We’ve talked about the importance of intelligibility before. Intelligibility is an objective measure of whether your speech is understood. We all want to be intelligible and it is often a key goal for our clients.
But what about your comprehensibility?
Your comprehensibility is how simple (or hard) it is for a native-listener to understand what you are saying. In other words, how hard does a native English speaker have to focus on what you are saying to make sense of it?
You might be completely intelligible when friends or colleagues pay close attention to what you are saying. But you might not be comprehensible to a job interviewer or shop assistant who doesn’t put in the effort to listen to you carefully.
We know that things like grammar, pronunciation, prosody and speaking rate can affect your comprehensibility. We also know that, unfortunately, people’s prejudices – e.g. against a certain accent or dialect – can cause some people to mark down a person’s comprehensibility, even if they are (objectively) intelligible.
Why does this matter?
In a 2006 study, researchers found that a person’s ethnicity did not affect their employability if their accent was mild (see citation below). This supports an earlier study that found people from a number of backgrounds can be effective communicators – even if they speak with a different speech style.
The study also showed that people with accents or dialects that required listeners to work hard to comprehend what they were saying were less likely to be employed than people who were easily comprehended.
The study was small (only 3 speakers) and limited in lots of ways (e.g. it had no control group). But it suggests that speakers with an accent that makes it hard for others to comprehend them may benefit from accent modification therapy. Ideally, therapy should focus on aspects of their accent that make it most difficult for other people to comprehend them.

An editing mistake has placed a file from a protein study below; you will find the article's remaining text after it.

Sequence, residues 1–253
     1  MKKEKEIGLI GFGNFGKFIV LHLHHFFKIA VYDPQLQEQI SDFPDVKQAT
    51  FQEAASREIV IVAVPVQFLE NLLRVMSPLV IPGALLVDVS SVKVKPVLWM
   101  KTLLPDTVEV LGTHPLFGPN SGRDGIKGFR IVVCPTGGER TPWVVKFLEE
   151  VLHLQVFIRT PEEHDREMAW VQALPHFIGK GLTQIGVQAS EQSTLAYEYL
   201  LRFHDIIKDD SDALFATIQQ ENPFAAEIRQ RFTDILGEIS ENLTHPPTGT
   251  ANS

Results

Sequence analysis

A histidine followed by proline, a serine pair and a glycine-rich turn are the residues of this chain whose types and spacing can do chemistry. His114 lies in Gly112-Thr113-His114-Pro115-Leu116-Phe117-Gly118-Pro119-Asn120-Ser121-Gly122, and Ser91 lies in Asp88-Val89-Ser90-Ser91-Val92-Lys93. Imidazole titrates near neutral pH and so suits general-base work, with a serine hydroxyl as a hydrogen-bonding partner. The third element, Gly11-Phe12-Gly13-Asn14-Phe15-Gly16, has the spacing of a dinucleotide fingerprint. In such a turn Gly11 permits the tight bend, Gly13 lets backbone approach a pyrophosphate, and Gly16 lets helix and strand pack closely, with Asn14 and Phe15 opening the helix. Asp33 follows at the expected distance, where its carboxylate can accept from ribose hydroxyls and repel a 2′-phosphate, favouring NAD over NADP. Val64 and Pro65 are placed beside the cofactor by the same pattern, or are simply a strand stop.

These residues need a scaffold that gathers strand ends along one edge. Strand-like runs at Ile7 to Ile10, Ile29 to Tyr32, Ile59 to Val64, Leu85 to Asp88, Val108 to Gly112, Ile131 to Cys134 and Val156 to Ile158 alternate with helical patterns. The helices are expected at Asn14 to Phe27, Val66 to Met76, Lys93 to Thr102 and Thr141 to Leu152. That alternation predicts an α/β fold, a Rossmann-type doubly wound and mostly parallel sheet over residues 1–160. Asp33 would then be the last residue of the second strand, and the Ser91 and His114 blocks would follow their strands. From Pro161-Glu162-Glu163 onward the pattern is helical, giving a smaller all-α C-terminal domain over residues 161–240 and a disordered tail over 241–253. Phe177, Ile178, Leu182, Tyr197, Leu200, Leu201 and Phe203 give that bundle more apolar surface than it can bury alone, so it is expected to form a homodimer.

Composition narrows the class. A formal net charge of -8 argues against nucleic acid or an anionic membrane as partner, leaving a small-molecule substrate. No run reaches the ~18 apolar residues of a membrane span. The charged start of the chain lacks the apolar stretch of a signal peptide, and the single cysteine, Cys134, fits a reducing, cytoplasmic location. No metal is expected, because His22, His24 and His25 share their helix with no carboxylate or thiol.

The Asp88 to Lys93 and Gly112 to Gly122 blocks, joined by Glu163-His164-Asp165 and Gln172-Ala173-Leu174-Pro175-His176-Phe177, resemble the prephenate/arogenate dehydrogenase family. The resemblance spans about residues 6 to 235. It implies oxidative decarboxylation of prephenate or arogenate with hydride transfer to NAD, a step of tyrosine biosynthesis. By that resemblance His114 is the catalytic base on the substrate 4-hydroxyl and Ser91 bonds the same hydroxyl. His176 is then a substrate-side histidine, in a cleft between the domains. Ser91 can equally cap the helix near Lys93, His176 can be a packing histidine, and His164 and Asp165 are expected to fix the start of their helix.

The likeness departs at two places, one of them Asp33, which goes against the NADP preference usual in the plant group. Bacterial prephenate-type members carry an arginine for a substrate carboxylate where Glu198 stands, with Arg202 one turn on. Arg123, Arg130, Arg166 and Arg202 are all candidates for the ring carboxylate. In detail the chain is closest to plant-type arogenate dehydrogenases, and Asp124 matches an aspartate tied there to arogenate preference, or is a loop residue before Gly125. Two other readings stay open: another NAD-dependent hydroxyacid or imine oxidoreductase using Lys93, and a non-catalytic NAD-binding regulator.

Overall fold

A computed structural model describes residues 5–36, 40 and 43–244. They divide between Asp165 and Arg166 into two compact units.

Carlson, H.K., & McHenry, M.A. (2006). Effect of accent and dialect on employability. Journal of Employment Counseling, 43(2), 70-83.
- “What did you say?” 10 evidence-based ideas to help others understand your speech
- Who we help: meet Rakesh and Alice
- Common pronunciation challenges for people who do not speak English as a first language: fact sheets
- It’s not your accent that’s holding you back
- When it’s hard to slow down: 4 evidence-based ways to slow down your speech rate and increase your intelligibility
- Embrace your accent and speak clearly – lessons from a Global Investment Bank
- Which kind of English is the best? (Hint: none of them)
Banter Speech & Language is owned and managed by David Kinnane, a Hanen- and LSVT LOUD-certified speech-language pathologist with post-graduate training in the Spalding Method for literacy, the Lidcombe and Camperdown Programs for stuttering, and Voicecraft for voice disorders. David is also a Certified PESL Instructor for accent modification.
David holds a Master of Speech Language Pathology from the University of Sydney, where he was a Dean’s Scholar. David is a Practising Member of Speech Pathology Australia and a Certified Practising Speech Pathologist (CPSP).